My Opinion is Excellent, Yours Costs You
A couple years ago, the company I work for, Intel, did a big push for encouraging volunteer hours by its employees in Intel’s name. As a strong member of the communities in which we live, I could understand the desire to have the employees stand and be counted. But I was somewhat bothered by the fact that my company wanted to claim credit for what I did independent of whether it convinced me to do it. When I took that to my friend and mentor who was running our Corporate Affairs group at the time (as did others, I’m sure), he gave me some nice “do it for the team” speech. Then he sweetened the pot by offering to provide matching dollars from our Intel Foundation to the organizations at which we volunteered. Okay, if it was good for the organizations, then I could see the point.
Flash forward to late last week, when I got a curious e-mail concerning a “clarification” of our funding through the Intel Foundation. Apparently, a couple weeks before, there had been some noise about different organizations that were benefitting from the payments. Specifically, the Boy Scouts of America had been singled out for its “discriminatory” stance on gay members. I’d encourage you to go read the article in its entirety. It’s a thorough, if biased, read of the situation, and I can’t find something specific that summarizes things.
Anyway, the message from inside, was a mirror to what the company confirmed outside. I found an official comment in a couple places, but here’s a representative sample:
Mulloy said that individual Boy Scout troops that participate in the volunteer matching program will be contacted to ensure that they follow Intel’s non-discrimination policy.
“We want them to acknowledge that they have read and will comply with the non-discrimination policy,” he said. “For example, let’s say Troop 222 is going to get funded. They will get a letter that says, ‘You understand — and your organization will comply with — the non-discrimination policy.’”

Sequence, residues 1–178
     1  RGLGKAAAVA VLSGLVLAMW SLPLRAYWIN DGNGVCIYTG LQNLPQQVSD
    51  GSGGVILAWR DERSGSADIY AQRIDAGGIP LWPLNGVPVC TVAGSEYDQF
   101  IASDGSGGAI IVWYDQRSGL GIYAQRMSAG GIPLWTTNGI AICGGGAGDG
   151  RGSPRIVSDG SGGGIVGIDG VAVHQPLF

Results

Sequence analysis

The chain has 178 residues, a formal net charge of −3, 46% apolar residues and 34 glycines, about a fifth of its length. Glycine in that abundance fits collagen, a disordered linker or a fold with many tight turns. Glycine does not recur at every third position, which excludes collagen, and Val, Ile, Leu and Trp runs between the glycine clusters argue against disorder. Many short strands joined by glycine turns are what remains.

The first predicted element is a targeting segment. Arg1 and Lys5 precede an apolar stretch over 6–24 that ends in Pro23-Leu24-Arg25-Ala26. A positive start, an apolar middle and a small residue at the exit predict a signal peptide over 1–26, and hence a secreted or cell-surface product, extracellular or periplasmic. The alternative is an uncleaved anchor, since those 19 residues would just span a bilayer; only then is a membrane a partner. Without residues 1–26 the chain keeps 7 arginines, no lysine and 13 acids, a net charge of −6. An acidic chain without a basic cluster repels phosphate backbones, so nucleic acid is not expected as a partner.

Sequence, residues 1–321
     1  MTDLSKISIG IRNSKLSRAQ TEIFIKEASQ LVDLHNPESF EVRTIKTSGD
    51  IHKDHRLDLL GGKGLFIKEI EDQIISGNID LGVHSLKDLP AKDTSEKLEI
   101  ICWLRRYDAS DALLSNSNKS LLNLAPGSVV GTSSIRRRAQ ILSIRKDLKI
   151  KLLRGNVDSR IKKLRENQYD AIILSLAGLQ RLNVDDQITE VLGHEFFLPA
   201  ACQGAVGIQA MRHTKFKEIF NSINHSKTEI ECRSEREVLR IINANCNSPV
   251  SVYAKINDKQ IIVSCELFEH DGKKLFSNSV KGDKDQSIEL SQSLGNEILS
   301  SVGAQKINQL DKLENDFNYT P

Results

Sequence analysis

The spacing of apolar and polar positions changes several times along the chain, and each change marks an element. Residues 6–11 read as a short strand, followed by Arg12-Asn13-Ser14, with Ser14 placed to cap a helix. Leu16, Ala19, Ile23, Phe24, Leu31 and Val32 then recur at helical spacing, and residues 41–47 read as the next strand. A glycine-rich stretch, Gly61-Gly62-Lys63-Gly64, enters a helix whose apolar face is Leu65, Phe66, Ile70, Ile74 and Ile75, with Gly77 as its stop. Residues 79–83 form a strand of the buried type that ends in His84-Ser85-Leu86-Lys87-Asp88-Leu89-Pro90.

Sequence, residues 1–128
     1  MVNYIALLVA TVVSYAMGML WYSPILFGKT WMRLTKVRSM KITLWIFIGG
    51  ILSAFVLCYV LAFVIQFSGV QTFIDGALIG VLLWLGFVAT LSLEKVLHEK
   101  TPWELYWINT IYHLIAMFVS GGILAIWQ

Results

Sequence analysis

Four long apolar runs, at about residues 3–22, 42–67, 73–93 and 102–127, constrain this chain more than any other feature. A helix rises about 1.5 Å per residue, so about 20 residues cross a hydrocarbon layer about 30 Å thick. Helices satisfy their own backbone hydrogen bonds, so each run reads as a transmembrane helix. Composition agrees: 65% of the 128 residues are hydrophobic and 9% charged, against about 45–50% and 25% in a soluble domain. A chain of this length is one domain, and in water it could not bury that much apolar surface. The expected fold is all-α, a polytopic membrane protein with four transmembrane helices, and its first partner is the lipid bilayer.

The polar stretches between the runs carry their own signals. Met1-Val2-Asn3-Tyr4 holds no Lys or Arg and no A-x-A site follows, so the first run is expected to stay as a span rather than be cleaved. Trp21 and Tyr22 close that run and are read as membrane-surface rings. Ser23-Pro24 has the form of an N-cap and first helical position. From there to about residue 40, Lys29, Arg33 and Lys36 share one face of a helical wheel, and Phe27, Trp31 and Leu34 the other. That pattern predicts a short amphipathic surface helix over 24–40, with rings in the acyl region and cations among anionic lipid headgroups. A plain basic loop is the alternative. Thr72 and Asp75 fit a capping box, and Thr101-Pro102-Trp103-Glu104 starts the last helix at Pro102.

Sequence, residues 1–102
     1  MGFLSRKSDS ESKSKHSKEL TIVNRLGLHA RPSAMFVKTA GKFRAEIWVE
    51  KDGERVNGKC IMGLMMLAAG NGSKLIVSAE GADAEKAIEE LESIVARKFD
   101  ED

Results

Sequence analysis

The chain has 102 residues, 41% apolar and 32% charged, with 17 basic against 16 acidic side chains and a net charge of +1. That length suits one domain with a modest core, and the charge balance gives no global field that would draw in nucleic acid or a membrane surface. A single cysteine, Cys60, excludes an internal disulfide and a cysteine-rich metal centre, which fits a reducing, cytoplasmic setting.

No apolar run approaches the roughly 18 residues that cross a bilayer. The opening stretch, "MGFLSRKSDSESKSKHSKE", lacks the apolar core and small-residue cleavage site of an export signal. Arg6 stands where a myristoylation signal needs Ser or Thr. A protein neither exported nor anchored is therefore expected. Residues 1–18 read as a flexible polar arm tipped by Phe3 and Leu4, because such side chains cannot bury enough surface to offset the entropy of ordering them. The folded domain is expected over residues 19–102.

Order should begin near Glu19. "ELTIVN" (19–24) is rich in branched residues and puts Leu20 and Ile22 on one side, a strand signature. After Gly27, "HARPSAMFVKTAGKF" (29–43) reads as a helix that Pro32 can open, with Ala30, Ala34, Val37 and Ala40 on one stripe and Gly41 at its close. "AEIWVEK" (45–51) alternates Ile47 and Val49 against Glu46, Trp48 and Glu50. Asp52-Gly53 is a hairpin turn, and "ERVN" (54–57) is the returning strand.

If the troop does not sign that letter, it will not get funded, said Mulloy.
Mulloy said that the new rules in the program will apply to every organization slated to receive funds, not just the Boy Scouts, and scout troops that sign the non-discrimination statement will still receive funding.
I should be clear here… The Intel Foundation has the right to give its money to anyone it wishes, and withhold it as well. It’s a private foundation. What I find ironic is that the statement of the foundation is that it fully supports a diversity of opinion, and it’s going to make sure that that diversity of opinion is the same for everyone. Opinions like this, apparently:
No, the Boy Scouts is in it for the long haul, determined to exclude gay people forever. Membership is already down, but the BSA is not budging, staying true to its anti-gay mission. The only thing that may change that is if it becomes severely financially debilitated. But whether or not that is the case, companies, no matter their claims of good intentions, should not be funding bigotry.
Note that nowhere in this post am I expressing an opinion on the BSA, the people against the BSA, or the Intel Foundation. I have an opinion, but it’s not relevant to the discussion. I’ll note that the stance of BSA has gone all the way to the Supreme Court, and it was ruled as constitutionally protected in its opinion. The people expressing opinions againt it are also constitutionally protected. Yea, “protection” is a word that comes to mind, though.
…there’s a definite flair for a mafia style protection racket. “We’re not saying you HAVE to pay us protection $, we’re not saying to HAVE to sign a paper indicating you’re part of our thought club, we don’t FORCE you to take public transport, get rid of the SUV we hate, have smaller families to fit in SmartCars….- but if you don’t, well, it’d be a shame what happens to…_____” (insert whatever you happen to care about that can be used to “encourage” your support….
I wonder what types of organizations are going to react to the letter they’re about to get, and where money will talk… Either way, I’m concerned for a diversity of opinion, and what I think of that diversity is irrelevant. Too bad I appear to be one of the few that believe that.